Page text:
Babar (purebred Cotswold ram) and Freckles (Border Cheviot cross ewe) hanging out together in the sheep shed… This was taken because I still haven’t had a chance to do a proper portrait sitting with Babar. However, the light was terrible and I was rushing so I didn’t really get anything that was worthy of being called a portrait.
Later in the afternoon I was visiting some other blogs and someone (I wish now I could remember who it was so I could give you a link because the images were remarkable!) mentioned Snapseed, a photo-editing app. I’ve been looking for a versatile app that doesn’t bombard me with stupid links, ads, and annoying pop-ups so I could do some basic editing of snapshots taken on the phone.
The Babar shots were handy and I had a few minutes, so I started playing around. Snapseed definitely has potential… It seems to be linked somehow to google+ (which seems determined to take over the world) but until I find something better, it looks like it could be useful… Do you have any other suggestions? What do you like to use on your phone for editing shots on the go?
Most days, the lower hog pen is a pretty ordinary place. But yesterday, the sun was at a very particular angle and the place was transformed.
At one point, a strange illusion made it seem as if there were two suns and the world was ablaze.
By the time I returned a short time later after feeding the chickens and sheep, everything had returned to boring normal. Nothing to see here, folks – move along.
Which brought to mind the question, “If a tree falls in the forest and there is nobody to hear, does it make a sound?” How many extraordinary moments do we miss because we hurry on by, arrive a few minutes late, or take off before the best part of the show?
Which seemed like a bit of a sad question to end with… until I considered that every moment contains the potential to be extraordinary if we slow down enough to see what’s in front of our noses, even down in the most boring corner of the hog pen.
Hard to believe 30 days have come and gone and somehow there was a blog post every day! Thank you to Holly Spangler over at Prairie Farmer for getting things organized… It has been great checking in with some of the other farm bloggers and I hope they keep going so I can keep tabs on what’s going on with my favourites!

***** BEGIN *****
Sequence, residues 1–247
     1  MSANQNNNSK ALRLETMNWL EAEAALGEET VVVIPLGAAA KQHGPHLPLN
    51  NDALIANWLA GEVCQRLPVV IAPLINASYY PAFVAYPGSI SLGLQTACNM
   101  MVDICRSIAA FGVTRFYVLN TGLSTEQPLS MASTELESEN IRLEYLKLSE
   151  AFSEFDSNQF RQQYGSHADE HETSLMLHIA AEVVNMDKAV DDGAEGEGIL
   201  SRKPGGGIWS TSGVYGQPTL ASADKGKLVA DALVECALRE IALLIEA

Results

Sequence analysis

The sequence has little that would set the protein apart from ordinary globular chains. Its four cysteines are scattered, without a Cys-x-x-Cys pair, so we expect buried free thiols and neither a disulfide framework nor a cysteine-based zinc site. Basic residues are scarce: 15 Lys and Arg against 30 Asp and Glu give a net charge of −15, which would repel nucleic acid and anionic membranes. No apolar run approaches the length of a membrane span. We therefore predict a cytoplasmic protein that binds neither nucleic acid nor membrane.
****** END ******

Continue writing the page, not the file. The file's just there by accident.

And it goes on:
Today I’m doing double challenge duty by wrapping up the month with a contribution to the weekly photo challenge because this week’s theme (Let There Be Light) ties in perfectly with almost a week of sunshine! November is not known for being bright and clear around these parts, but we have had a remarkably good run recently even if the sun barely clears the top of the fence even in the middle of the day.
Weekly Photo Challenge – Let There Be Light
According to the forecast, we are in for a bit of rain, then clear skies ahead but with another dip in temperature that threatens to once again cause trouble in my watering systems! I tell you, I never used to watch the weather and the forecast the way I do now that my life is seriously affected by what’s going on outside.
Way back when I had a government job and spent my days cozied up in a temperature-controlled office, there were times when I would look up from the work at my desk and actually have to think hard for a minute about what month it was. Not any more. I am counting the days until the winter solstice when the days will again begin to lengthen. When we have these chilly spells, I plan certain chores around the time of day when I have the best chance at the water lines running free. I change my route slightly so in the steepest or slipperiest parts of my rounds I am less likely to wipe out on icy patches. I carry spare gloves in my jeans pockets so I can switch halfway through the rounds and warm my fingers up. I know when the sun comes up and, to the minute, when it sets as this determines when I need to be outside to round up the poultry and put all the birds to bed.
Everything is simpler (you can’t put birds to bed in the pitch dark – even if you can find them, the raccoons might have got there first) and, at the same time, more complicated (not everyone understands that you plan your social calendar based on when the sun sets and not the time on the clock). The variation in day length is pretty drastic here – in the middle of summer I’m lucky to get back into the house before 10:30pm, but at this time of year with the sun going down at about 4:20, that doesn’t leave a lot of daylight hours to get all the basic chores done.
So, yes – I’m all for chanting, “Let There Be Light!” because right about now in the grand cycle of the seasons, I just can’t seem to get enough of it!